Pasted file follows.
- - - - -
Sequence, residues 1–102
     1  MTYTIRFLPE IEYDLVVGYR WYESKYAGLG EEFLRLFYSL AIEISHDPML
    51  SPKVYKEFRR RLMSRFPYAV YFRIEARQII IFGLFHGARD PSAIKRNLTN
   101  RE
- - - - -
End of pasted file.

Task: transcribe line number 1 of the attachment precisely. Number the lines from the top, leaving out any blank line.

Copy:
Sequence, residues 1–102